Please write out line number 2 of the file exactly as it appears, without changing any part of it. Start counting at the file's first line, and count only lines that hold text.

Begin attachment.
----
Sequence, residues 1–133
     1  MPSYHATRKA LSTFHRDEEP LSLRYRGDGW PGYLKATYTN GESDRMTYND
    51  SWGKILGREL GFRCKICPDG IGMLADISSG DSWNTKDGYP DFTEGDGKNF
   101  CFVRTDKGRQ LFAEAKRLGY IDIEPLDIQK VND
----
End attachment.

     1  MPSYHATRKA LSTFHRDEEP LSLRYRGDGW PGYLKATYTN GESDRMTYND